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Wickes is shining brightly and it's all thanks to Mr Grimsey.

Bill Grimsey is to be congratulated for the way he has turned around Wickes. On the face of it a flat profit performance is not a brilliant result, but set against Wickes's background it is in fact remarkable.

The company has come back from near-ruin after the accounting debacle of three years ago to robust health.

Profits were flat in the first half, but the group has been investing heavily in a new format for its DIY and builders merchants chain.

The idea behind the revamp is a relatively simple one. But it is effective and already showing signs of paying off.

What Mr Grimsey is doing is to maintain the chain's appeal to builders and enhance the DIY offering by extending the range and strength of its decorating and home improvement products.

At a time when house prices are booming, this is so obviously a good market to be in. Not only is it growing fast, but it is a much higher margin business than basic building materials.

Despite higher levels of expenditure on store revamps - capital expenditure of pounds 24.6 million was substantially more than at this point last year - Wickes has improved its cash generation and ended the period with pounds 34 million in the bank.

The shares have rebounded in line with profits. This time last year they stood at just over 210p, putting them on a rating of 7.9 times.

At that point they clearly had some way to go. The shares have had that improvement now, however. At the current level of 410p they trade on a prospective p/e of 16.2 times and look to have gone far enough for the moment.

Uno

It is a little hard to know what to make of Uno. Recent retail sales figures ought to augur well for non-food specialists like this furniture group.

But profits in the year to April slumped and chairman Mr Paul Rosenblatt warned darkly of a decline in like-for-like sales in the first 12 weeks of the current year.

This is probably not as bad as it sounds - the company went into the economic downturn much later than rivals and so the comparative figures are set against a relatively strong performance a year ago.

That said, the absolute performance is clearly disappointing - it is taking longer to come out of the doldrums and this is certainly worrying the City where Uno shares languish at just over 40p - two years ago they traded at more than 300p.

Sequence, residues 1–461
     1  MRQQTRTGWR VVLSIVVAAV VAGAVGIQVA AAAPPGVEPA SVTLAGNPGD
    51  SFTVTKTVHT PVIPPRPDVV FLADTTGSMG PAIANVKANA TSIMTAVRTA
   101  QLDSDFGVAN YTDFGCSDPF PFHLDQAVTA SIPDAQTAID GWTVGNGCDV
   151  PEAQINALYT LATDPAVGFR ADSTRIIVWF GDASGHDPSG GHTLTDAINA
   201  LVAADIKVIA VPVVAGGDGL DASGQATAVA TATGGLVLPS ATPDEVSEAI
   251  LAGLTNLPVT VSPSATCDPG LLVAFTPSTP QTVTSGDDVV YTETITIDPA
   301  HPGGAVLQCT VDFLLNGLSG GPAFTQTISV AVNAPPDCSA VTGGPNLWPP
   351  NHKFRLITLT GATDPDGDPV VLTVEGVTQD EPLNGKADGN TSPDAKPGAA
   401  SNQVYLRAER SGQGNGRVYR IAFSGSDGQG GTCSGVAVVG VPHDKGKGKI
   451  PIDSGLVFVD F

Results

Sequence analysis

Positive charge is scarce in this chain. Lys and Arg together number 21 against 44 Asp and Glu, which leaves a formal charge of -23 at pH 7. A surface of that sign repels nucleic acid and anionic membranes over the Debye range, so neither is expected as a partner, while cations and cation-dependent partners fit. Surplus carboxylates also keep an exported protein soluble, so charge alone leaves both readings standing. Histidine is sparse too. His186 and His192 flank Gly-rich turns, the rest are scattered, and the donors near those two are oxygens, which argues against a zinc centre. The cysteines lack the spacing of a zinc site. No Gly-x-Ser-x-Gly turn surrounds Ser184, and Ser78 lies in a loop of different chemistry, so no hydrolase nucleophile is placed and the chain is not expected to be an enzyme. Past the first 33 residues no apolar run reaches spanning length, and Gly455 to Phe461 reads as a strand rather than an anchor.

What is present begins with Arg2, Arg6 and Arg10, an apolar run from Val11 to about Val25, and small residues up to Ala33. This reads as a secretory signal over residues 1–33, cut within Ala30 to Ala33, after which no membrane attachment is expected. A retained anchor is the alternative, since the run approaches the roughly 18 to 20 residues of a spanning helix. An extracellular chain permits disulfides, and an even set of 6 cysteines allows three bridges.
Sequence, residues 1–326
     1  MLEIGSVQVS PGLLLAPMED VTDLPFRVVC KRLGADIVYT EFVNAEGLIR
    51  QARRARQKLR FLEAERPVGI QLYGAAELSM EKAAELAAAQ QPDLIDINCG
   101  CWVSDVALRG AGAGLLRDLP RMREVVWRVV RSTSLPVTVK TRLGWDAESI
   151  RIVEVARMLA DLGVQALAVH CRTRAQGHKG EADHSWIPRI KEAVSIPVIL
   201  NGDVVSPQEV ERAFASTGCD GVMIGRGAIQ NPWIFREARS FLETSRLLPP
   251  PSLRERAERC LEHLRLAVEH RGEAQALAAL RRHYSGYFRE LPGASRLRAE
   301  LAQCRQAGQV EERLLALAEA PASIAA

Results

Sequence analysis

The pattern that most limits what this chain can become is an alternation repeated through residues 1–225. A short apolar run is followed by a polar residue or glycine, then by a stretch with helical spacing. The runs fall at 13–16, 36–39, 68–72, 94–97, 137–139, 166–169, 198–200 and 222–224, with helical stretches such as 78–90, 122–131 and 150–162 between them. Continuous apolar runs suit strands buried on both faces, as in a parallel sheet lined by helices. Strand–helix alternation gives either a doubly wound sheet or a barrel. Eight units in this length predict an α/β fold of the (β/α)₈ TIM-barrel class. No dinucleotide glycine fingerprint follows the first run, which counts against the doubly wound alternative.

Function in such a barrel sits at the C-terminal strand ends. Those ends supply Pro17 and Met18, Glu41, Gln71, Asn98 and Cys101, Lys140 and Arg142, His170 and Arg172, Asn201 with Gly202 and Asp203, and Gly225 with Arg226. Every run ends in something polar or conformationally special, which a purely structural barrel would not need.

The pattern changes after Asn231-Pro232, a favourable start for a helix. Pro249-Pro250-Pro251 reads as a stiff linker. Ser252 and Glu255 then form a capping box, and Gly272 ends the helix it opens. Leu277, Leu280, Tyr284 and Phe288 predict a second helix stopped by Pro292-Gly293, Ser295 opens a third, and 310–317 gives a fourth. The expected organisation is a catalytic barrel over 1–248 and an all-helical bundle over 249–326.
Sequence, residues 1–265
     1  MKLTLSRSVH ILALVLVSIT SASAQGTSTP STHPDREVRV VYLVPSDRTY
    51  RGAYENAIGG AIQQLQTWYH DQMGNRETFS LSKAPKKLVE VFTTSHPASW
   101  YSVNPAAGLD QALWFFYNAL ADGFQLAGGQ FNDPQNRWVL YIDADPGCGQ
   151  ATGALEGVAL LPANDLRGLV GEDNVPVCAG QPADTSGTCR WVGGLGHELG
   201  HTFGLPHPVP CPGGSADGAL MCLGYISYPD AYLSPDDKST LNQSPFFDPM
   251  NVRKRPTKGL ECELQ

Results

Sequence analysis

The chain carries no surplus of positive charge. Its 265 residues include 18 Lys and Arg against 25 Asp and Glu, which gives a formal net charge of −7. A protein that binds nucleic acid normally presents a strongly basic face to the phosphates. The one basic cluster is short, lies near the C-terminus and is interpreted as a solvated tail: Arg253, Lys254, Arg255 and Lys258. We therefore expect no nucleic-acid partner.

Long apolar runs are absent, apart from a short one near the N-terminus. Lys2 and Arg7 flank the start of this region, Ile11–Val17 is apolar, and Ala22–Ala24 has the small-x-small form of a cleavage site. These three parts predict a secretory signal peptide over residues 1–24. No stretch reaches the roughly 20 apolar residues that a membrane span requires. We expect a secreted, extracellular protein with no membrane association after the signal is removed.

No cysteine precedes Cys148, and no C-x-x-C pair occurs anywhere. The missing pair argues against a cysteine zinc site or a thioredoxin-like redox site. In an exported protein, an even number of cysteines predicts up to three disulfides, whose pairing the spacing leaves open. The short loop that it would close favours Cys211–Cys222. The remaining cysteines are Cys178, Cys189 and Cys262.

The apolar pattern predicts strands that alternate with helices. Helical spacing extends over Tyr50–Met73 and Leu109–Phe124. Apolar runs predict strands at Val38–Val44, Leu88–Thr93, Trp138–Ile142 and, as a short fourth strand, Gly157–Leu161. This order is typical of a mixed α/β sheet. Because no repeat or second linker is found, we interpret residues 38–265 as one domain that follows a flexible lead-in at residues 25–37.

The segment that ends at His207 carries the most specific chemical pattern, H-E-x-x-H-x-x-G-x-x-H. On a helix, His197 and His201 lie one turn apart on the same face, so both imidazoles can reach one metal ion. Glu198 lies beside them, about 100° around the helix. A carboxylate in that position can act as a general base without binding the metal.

So what can investors hope for? Analysts, including Mr Richard Ratner of Seymour Pierce, are holding out some hope for the company's ongoing revamp of its eponymous stores. The revamped stores are already reporting small signs of a preliminary uplift in business, but it could do with being rather greater.

The sale and leaseback of two freehold properties brings in a welcome pounds 3.6 million and the concession deal with Hart Furniture will also produce another pounds 1 million or so in rental income.

These are good signs, but there is still a way to go. The shares are a potential recovery stock, but would-be investors are advised to tread warily for a while yet.

Epwin Group

A major advantage of companies not quoted on the stock market is that they can put the squeeze on listed rivals often constrained by the City's demands.

Quoted firms must always think about their next set of figures - while the private sector can afford to take a longer term view.

This is the problem facing Epwin Group, the PVCu windows and doors specialist.

With raw material suppliers forcing up prices Epwin would like to protect its profit margins.

But it is not able to pass on the extra costs to the customer because smaller rivals are slashing prices. The private businesses have chosen to react to the difficulties by pushing volumes and trying to build market share.

Most manufacturers in the sector have been spending heavily to upgrade plant and machinery and therefore have plenty of spare capacity to push for growth.

The industry is fragmented, with the biggest players, Epwin and Heywood Williams, holding only around 30 per cent. So there is no chance of building cosy cartels as the PVC suppliers appear to be doing.

Still Epwin is more than coping and expects to raise profits by 15 per cent this year.

That would produce earnings of around 22p per share. Epwin's resilience helped push the shares higher yesterday, despite a cautious outlook.

Even for a dull sector, however, they remain desperately cheap. At 137p they trade at more than six times forecast earnings, compared with a sector average of about 15 times. Epwin looks seriously undervalued.
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Publication:The Birmingham Post (England)
Date:Aug 6, 1999
Words:784
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